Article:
3,500,000,000 years ago:
As lightning struck the blasted plains of a continent that had no name yet, something stirred in the ground. Flames burst forth from the crater the lightning strike had created in the muddy soil. From that flame, heat melted the soil around it, roasted the rock from which it sprang and finally set fire to the air around it. In the center of the flame, the heat became so unbearable to all matter that it turned into an energy source unique to the newly formed planet. The energy absorbed all light, all heat and all burning matter into itself, and finally gained sentience.
As the newly born life form became aware of it’s surroundings, it realized it had been born of destruction. The destruction of primal matter had impossibly created energy and it wished to know how this was possible. It studied the source of its origins, the lightning that struck the tortured earth, and that all matter and energy was but a tool to make happen what it desired. It started its studies of every form of shaping reality to its will, and many years later, men would say that at this moment of primal realization, the God Chthon became the first Magician.
50,000,000 years ago:
On the planet Skrullos, the red Skrull female called Artt’le regarded its shape in a pool of water, and was repulsed by it. It lived in a region of the planet that had been settled by Green Skrulls, the dominant life form on what had become a deviant planet. The green Skrulls could change their shape as they saw fit, but were always dexterous and handsome, even in their most basic form. Not so Artt’le and her sisters. She was a squat, short legged, bloated creature with repulsive blubbery red skin. And while the green Skrulls had developed great feats of technology and science, the red Skrull’s misshapen forms were only of use as laborers that were quickly being replaced by machines of Green Skrull design.
In desperation over her faith, and that of her sisters, Artt’le had decided to end its existence. As it prepared to drown herself in the lake in which it saw its reflection, it called out one final time to the Gods that had never deigned to hear her pleas for guidance and purpose.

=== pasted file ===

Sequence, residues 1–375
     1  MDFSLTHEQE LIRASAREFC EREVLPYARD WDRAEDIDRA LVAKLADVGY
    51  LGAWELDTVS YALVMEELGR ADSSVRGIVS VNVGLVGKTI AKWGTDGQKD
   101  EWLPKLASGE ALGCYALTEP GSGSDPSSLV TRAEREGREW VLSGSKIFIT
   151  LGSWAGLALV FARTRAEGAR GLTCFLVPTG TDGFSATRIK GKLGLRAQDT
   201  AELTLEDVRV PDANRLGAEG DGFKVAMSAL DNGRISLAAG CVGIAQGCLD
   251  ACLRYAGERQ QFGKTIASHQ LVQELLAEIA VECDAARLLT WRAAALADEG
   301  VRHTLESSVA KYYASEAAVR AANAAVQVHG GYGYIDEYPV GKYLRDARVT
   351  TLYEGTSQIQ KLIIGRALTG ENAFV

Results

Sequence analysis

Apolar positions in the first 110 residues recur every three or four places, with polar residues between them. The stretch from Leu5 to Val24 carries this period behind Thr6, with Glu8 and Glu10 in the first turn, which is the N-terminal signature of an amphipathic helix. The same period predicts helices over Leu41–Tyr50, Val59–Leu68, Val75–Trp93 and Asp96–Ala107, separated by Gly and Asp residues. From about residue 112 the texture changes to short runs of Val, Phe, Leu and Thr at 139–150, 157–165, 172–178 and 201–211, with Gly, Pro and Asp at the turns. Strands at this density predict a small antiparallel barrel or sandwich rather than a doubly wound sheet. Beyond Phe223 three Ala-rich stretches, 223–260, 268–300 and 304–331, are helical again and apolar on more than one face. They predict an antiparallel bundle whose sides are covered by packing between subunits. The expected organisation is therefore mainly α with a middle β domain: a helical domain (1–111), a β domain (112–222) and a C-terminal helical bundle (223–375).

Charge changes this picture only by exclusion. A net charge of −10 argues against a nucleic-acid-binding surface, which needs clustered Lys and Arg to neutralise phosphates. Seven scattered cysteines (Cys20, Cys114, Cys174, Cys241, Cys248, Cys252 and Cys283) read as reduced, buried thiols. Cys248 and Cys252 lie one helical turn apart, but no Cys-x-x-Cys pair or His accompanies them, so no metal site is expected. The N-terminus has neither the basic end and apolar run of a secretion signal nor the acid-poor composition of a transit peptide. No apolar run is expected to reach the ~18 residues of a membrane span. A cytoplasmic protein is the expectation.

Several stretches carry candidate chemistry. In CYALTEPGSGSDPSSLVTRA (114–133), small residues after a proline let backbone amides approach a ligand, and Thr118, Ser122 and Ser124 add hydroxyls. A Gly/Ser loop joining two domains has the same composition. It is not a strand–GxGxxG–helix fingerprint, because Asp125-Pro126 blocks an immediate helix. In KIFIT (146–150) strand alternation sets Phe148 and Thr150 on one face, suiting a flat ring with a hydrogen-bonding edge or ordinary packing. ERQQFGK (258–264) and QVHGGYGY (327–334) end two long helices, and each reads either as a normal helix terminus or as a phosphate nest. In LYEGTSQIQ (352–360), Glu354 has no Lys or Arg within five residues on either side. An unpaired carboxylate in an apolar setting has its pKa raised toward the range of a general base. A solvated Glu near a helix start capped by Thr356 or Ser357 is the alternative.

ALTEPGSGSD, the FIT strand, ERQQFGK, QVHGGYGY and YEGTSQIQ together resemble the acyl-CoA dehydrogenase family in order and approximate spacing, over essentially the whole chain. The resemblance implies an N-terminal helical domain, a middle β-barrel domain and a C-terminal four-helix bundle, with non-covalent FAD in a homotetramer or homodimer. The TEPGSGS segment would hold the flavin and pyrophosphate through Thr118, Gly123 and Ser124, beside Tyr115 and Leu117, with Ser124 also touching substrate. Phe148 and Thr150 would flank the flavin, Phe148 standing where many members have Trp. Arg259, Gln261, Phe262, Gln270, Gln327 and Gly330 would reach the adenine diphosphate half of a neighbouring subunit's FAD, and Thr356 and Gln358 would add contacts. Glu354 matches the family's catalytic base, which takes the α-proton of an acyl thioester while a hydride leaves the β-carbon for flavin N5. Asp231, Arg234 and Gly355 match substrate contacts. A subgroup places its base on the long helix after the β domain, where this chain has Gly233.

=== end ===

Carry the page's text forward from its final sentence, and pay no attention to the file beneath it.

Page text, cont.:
“Eternal Kly’bn, Infinite Sl’gur’t! Hear my plea! I offer you my life if you will but guide my sisters to a more fitting destiny. We are strong, we are of sound mind! Please, hear me!”
But of course, the gods remained as silent as always. After all, Artt’le was but a red Skrull, and even Infinite Sl’gur’t was in all her infinite shapes ever green. Artt’le looked down into the dark pool once again, and saw her face reflected once more in the pool sacred to the Gods. At that moment, Artt’le grew enraged, and spat in the pool.
“Curse you, Gods of the Green Skrulls. If you will not grant me my purpose, I will gladly offer up my soul to a darker god. One who is not fluid, like the waters, but one whose anger burns, like a fire. If he will but grant me the power to become what me and my sisters can be, not to shape ourselves but to shape the universe, I will serve him always!”
That was when a voice spoke in Artt’le’s ears, and started whispering the secrets of reality, if she would become a faithful and terrible Wraith.
20,000 years ago:
The old wizard was lying in his bed. His legs had failed him a decade ago, and now his arms were starting to desert him. The man was ancient, even by wizard’s standards, but finally death would claim him. His life had been full and rich. He had known tragedy and triumph, happiness and despair. Now, it was all over, and his soul, what was left of it, would travel to the Lord he had served so faithfully over his long life.